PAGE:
Leading scientists urge immediate climate action
The communiqué, signed by 24 of the top professional and research institutions, also said more investment in tackling climate change would lead to greater economic prosperity, as well as improving public health by reducing pollution.
It adds, however, that in order to meet the two-degree climate increase cap, all carbon emissions must be stopped within the next thirty years.
The communiqué, released on Tuesday, stresses the importance of rapid and effective action.
“While the threats posed by climate change are far-reaching, the ways in which we tackle them can be a source of great opportunity,” it reads.
“Capturing this potential quickly and effectively will drive economic progress. There are also significant additional benefits available, including food, energy and water security, air quality [and] health improvements.
“Actions need to be taken now, by governments, individuals, businesses, local communities and public institutions, if we are to tackle this global challenge [and] deliver the required cuts in emissions,” it adds.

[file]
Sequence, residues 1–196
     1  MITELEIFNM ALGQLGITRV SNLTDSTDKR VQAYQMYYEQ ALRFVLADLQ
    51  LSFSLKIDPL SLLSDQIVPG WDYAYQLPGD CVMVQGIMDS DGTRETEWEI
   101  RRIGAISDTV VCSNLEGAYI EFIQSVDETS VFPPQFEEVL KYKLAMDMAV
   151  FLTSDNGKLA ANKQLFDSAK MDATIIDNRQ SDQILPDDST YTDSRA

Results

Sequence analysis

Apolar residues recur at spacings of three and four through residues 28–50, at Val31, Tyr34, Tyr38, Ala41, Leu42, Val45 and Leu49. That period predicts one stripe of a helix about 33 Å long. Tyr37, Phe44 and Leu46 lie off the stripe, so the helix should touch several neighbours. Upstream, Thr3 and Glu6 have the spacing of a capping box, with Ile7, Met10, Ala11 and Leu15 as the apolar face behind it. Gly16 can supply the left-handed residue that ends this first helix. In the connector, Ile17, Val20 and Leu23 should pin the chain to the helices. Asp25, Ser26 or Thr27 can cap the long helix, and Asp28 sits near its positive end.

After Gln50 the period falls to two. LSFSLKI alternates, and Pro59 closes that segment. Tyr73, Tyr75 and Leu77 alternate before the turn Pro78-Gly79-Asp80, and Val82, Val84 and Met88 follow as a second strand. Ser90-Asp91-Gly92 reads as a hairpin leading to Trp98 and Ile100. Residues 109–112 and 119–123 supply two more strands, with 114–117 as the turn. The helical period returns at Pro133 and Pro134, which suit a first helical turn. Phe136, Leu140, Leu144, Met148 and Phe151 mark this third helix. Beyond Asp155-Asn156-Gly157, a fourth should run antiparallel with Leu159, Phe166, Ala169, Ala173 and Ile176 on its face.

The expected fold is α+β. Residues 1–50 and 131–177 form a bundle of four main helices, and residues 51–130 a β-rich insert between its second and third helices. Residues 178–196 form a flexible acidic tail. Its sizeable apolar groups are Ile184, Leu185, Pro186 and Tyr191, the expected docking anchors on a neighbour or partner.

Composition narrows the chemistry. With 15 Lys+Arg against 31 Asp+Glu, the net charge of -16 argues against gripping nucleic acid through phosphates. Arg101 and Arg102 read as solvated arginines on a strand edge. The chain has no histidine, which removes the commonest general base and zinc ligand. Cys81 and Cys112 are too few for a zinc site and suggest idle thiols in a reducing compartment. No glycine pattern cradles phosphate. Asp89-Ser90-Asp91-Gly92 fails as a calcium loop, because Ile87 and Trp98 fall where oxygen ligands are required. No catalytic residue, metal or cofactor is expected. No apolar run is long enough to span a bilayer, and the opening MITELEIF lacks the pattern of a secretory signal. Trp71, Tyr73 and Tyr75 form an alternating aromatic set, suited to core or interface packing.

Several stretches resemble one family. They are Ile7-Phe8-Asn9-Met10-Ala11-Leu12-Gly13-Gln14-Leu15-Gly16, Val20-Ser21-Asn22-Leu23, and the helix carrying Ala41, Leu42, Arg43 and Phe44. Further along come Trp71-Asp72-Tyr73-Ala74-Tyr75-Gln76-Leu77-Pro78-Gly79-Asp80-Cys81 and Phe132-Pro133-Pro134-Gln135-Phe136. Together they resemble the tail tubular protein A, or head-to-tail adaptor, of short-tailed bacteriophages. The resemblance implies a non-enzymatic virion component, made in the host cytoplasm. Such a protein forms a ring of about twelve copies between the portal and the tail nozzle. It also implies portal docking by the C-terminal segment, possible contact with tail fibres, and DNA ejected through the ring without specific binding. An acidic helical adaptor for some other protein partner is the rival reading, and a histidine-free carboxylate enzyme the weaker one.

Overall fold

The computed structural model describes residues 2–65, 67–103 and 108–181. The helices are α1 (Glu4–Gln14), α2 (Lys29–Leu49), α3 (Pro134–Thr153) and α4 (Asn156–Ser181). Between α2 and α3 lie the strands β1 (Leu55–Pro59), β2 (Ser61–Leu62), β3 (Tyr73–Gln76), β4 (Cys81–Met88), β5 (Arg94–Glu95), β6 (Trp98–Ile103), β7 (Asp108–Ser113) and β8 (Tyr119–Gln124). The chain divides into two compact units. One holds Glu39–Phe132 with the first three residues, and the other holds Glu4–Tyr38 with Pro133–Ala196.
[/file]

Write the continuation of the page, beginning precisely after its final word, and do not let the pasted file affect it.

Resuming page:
Its list of signatories includes a slew of major institutions including the Academy of Medical Sciences, the Academy of Social Sciences, the British Academy, and the British Ecological Society.
British Academy President Lord Nicholas Stern said the UK should be at the forefront of the fight against climate change.
“The UK led the world with both the modern scientific revolution and the industrial revolution, and must lead again now on the creation of a safer, cleaner and more prosperous world,” he said.
“Now is the time for the prime minister and the rest of his government to show leadership on this issue, by implementing effective domestic policies to tackle climate change and to support efforts overseas, including a strong international agreement [at a crunch UN summit] in Paris at the end of this year,” he added.
Sir John Beddington, president of the Zoological Society of London, added the effects of climate change are palpable today and will continue to be felt.
“This is particularly important for human welfare, where water and food security issues loom,” he said.
The Wellcome Trust, which is also part of the communiqué, said that owing to the disastrous effects of climate change on health and wellbeing, it is “morally and financially misguided to invest in companies dedicated to finding and burning more oil, gas and coal.”